SOC 3301 Classical Social Theory: 3 semester hours.

A survey of the foundation of sociological thought from the Enlightenment to 1945. The focus is on the recurring themes in sociology and the importance of classical theory to understanding contemporary sociological theory and current social issues. F

SOC 3308 Sociological Methods and Social Work Research: 3 semester hours.

Introduces the principles and procedures of scientific research and includes a variety of strategies and tools for studying social phenomena. Equivalent to SOWK 3308. F, S

SOC 3309 Social Statistics: 3 semester hours.

A survey of statistical techniques focusing on descriptive statistics, hypothesis testing and correlations. Students work in computer labs and use software for statistical analysis commonly used in the social sciences to produce descriptive and summary statistics for large data sets. F, S

SOC 3310 Introduction to Criminal Justice: 3 semester hours.

Introduction to Criminal Justice will introduce students to the historical background, important trends, and emerging issues in criminal justice. Students will learn about core topics in criminal justice-including policing, corrections, and criminal law and courts, as well as special topics such as hate crimes, sex offenders, and domestic violence-while learning how to solve problems they are likely to face in a variety of criminal justice career paths. F

SOC 3330 Sociology of Health and Illness: 3 semester hours.

Sociological examination of health and illness including historical and cultural variations, health care and physician-patient issues. S

SOC 3368 Sociology of Religion: 3 semester hours.

Sociological theories of religion with an emphasis on how religious groups in the United States both shape and are shaped by American culture, politics, and demographic contexts. D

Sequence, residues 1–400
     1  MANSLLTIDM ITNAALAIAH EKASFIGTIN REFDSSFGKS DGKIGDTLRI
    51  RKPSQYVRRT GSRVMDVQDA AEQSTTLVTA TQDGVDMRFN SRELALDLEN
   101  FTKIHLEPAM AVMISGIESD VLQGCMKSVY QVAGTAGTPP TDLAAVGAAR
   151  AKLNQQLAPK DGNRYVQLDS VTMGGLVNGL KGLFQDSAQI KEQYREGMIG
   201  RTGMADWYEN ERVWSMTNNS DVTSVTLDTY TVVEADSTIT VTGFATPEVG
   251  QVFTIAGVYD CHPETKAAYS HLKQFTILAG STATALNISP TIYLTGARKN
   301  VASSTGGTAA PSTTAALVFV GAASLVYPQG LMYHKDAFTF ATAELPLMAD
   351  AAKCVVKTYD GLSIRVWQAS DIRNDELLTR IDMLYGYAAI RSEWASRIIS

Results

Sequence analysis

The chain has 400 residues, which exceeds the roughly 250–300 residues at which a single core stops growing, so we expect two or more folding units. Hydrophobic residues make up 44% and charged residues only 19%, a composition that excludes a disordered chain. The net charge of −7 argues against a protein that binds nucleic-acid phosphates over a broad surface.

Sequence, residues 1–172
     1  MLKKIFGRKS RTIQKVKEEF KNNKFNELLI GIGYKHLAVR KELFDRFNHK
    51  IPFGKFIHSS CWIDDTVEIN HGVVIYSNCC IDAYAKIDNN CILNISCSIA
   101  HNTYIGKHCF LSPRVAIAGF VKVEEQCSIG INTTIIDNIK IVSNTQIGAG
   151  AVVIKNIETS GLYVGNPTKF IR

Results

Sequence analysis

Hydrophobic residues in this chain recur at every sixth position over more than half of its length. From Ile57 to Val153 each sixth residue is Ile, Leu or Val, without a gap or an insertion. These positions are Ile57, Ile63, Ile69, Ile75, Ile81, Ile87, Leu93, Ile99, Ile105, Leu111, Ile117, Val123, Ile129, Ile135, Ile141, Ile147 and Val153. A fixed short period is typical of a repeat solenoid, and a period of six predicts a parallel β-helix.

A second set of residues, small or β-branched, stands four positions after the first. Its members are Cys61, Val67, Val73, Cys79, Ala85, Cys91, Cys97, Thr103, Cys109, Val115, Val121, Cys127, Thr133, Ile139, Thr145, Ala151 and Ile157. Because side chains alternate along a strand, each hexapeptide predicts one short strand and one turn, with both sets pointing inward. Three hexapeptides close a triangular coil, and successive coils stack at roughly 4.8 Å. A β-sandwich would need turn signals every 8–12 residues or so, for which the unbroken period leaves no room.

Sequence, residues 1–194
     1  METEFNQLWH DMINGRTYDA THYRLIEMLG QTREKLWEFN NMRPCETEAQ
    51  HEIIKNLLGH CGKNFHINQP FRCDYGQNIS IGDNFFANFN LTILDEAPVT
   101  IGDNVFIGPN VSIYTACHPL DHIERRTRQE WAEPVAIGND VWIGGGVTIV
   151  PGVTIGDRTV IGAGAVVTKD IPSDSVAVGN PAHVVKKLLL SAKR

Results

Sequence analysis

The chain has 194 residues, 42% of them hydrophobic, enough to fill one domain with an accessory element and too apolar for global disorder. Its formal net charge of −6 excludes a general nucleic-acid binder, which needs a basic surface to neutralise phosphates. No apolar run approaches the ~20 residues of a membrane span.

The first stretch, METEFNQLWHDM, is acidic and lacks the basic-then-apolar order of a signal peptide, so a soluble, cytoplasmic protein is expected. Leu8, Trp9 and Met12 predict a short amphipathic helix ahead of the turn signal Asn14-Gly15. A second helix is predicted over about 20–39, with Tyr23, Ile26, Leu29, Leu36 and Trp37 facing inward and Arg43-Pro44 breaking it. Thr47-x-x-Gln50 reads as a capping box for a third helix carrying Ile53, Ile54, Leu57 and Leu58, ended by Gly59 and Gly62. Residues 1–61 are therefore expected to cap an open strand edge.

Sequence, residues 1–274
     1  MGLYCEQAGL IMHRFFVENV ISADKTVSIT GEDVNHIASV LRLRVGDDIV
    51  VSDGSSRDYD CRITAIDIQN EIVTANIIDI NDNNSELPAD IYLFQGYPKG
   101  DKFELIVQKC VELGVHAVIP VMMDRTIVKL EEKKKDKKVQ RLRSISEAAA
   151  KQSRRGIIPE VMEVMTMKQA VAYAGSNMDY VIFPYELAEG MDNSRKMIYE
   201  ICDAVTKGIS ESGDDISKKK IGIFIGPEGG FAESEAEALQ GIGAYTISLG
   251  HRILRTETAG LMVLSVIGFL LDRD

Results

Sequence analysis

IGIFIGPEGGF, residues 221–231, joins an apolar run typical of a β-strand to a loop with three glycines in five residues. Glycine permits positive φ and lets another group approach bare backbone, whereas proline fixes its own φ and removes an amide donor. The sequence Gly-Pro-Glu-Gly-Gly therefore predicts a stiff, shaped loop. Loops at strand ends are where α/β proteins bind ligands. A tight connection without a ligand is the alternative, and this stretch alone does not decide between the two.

SOC 3399 Experimental Course: 1-6 semester hours.

The content of this course is not described in the catalog. Title and number of credits are announced in the Class Schedule. Experimental courses may be offered no more than three times with the same title and content. May be repeated.

SOC 4403 Contemporary Social Theory: 3 semester hours.

Survey of major perspectives within contemporary (post-World War II) sociological theory, including phenomenology, symbolic interactionism, intersectionality, postmodernism, and globalization theory. This course focuses on the application of theory to analyzing current social issues and culture. Students will also learn how theory both enables and constrains research and practice. S

SOC 4408 Advanced Sociological Methods: 3 semester hours.

Emphasizes advanced techniques in research design, data measurement, and multivariate analysis utilizing computer application. PREREQ: SOC/SOWK 3308 and SOC 3309. D